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Tuesday, September 02, 2014

Gleeman: Twins ask fans which brand of luxury car they are

Okay, now I know this data is useless.

Below you’ll find a question included in a “brand survey” the Minnesota Twins’ marketing department just sent out to their fans via e-mail.

The District Attorney Posted: September 02, 2014 at 02:51 PM | 27 comment(s)
  Beats: marketing, twins

Saturday, August 23, 2014

Embarrassing loss, surging Royals add importance to doubleheader for Detroit Tigers

The Twins should be punished for cruelty to animals for what they did Friday night.

The Tigers pitched poorly and made multiple defensive gaffes Friday night in a 20-6 loss to the Minnesota Twins.

The Tigers used eight pitchers—well, seven pitchers plus shortstop Andrew Romine—in the loss. The Tigers were charged with two errors and made at least that many additional bad defensive plays. Romine gave up more than 820 feet worth of home runs to consecutive batters.

The Tigers rallied from a 6-1 deficit to make a game of it, but they saw a 6-5 deficit grow to 15-5 in the bottom of the sixth inning, which took 42 minutes to complete.

“This was a bad game,” Tigers manager Brad Ausmus said. “It was an embarrassing game, really. There’s really not much to say about it. It is what it is.”

Really, it couldn’t have gone much worse for the Tigers. The game took nearly four hours. The Tigers used every available pitcher short of closer Joe Nathan. Ausmus clearly made the decision early in the game to try to use each relief pitcher sparingly rather than burn through one or two guys and then make roster moves to replace them.

“Pretty much every pitcher that went out there, we were being careful with,” Ausmus said. “We have two games (Saturday). We have a young pitcher starting the first game, so we were careful about every single pitcher that toed the rubber tonight because of their pitch count.”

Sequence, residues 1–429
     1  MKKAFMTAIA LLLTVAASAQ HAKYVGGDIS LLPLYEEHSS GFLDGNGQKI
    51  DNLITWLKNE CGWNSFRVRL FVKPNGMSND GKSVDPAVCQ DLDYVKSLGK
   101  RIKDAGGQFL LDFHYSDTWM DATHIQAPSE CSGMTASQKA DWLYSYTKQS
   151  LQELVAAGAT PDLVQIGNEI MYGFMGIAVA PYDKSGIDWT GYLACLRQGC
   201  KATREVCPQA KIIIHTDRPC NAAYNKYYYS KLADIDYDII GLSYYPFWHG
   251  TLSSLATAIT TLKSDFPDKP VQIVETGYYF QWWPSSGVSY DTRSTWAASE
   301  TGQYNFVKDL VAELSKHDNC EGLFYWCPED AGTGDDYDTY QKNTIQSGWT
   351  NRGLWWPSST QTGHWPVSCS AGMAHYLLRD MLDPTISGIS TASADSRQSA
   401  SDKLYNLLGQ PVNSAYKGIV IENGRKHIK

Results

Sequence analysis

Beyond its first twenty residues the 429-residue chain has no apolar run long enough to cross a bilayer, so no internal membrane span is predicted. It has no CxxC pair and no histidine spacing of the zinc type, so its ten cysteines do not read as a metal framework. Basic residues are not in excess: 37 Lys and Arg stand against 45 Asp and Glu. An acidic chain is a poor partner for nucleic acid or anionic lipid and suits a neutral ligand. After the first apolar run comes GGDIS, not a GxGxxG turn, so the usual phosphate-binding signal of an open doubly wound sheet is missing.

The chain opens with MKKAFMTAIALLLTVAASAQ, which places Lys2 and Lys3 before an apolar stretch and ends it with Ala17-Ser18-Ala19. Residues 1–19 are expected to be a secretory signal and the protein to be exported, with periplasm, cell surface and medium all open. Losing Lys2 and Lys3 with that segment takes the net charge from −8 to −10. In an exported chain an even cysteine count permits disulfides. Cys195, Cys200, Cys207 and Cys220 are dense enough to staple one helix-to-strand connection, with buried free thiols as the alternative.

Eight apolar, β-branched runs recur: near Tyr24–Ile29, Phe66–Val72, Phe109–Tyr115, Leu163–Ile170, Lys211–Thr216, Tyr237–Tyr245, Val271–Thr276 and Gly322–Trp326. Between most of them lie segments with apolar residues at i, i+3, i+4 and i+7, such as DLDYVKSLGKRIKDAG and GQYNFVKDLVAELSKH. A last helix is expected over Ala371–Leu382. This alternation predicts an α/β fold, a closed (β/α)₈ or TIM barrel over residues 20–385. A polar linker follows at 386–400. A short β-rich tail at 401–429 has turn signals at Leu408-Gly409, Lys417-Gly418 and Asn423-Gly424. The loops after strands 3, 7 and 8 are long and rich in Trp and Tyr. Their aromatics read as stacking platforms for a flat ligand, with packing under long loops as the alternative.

Tuesday, August 12, 2014

Twins Triple-A team completes the oddest no-hitter you’ll see this season

Shore ‘nuff!

The Rochester Red Wings, the Triple-A affiliate of the Minnesota Twins, completed a no-hitter Monday against the Durham Bulls that was started in a different month, in a different state, by a pitcher who is now in the big leagues.

The no-hitter started on July 24 in Durham, where weather caused the game to be suspended until Monday in Rochester… Trevor May, who made his MLB debut for the Twins on Saturday night, started the game in July for Rochester, throwing three no-hit innings. Logan Darnell resumed the game for the Red Wings, throwing six more no-hit innings.

We’ve heard of combined no-hitters before, but cross-state combined no-hitters are a different matter altogether. Since the Red Wings weren’t traveling back to the Durham, the two teams had to finish the game in Rochester, thus making things even more odd. The Red Wings were “visitors” in their own stadium.

The District Attorney Posted: August 12, 2014 at 01:20 PM | 7 comment(s)
  Beats: history, logan darnell, minor leagues, trevor may, twins

Byron Buxton promoted to Double-A

Last night, the Twins promoted Buxton to Double-A New Britain. It has to be more off of feel for his development than performance, as a recent slump has saw his numbers dip to .240/.313/.405 in 134 plate appearances for the Fort Myers Miracle. A slower start might be expected for any player whose season was as start-stop-start-stop-start as Buxton’s has been, but it doesn’t sound like that’s a concern for the Twins’ brass.

Our favorite quote regarding Buxton is Terry Ryan saying that he’ll set his own timetable. In this instance, the club appears to be helping to set it for him. There are 22 games remaining on New Britain’s schedule, and as Mike Berardino notes, a good performance could merit a September callup.

And that’s pretty exciting, all things considered. How excited would you be to have an opportunity to watch Buxton play Major League games in September?

 

RoyalsRetro (AG#1F) Posted: August 12, 2014 at 09:29 AM | 40 comment(s)
  Beats: byron buxton, prospects, twins

Monday, August 11, 2014

Royals Acquire Josh Willingham

Hopefully not sharing too much time with Ibanez…